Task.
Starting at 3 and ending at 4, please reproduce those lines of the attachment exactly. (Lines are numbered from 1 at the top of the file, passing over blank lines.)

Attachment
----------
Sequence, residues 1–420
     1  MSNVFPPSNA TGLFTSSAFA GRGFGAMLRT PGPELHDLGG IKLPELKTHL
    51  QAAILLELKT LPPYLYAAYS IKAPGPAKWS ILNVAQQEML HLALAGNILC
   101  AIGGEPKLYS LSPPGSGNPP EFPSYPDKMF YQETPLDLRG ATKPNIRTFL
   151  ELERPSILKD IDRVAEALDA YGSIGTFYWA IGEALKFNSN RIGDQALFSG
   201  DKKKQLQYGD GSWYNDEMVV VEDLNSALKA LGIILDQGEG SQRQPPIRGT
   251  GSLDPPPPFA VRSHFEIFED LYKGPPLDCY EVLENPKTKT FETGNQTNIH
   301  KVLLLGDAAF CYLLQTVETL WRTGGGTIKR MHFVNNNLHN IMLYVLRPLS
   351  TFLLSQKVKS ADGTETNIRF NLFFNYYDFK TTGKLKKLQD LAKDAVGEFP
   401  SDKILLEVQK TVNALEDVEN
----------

    51  QAAILLELKT LPPYLYAAYS IKAPGPAKWS ILNVAQQEML HLALAGNILC
   101  AIGGEPKLYS LSPPGSGNPP EFPSYPDKMF YQETPLDLRG ATKPNIRTFL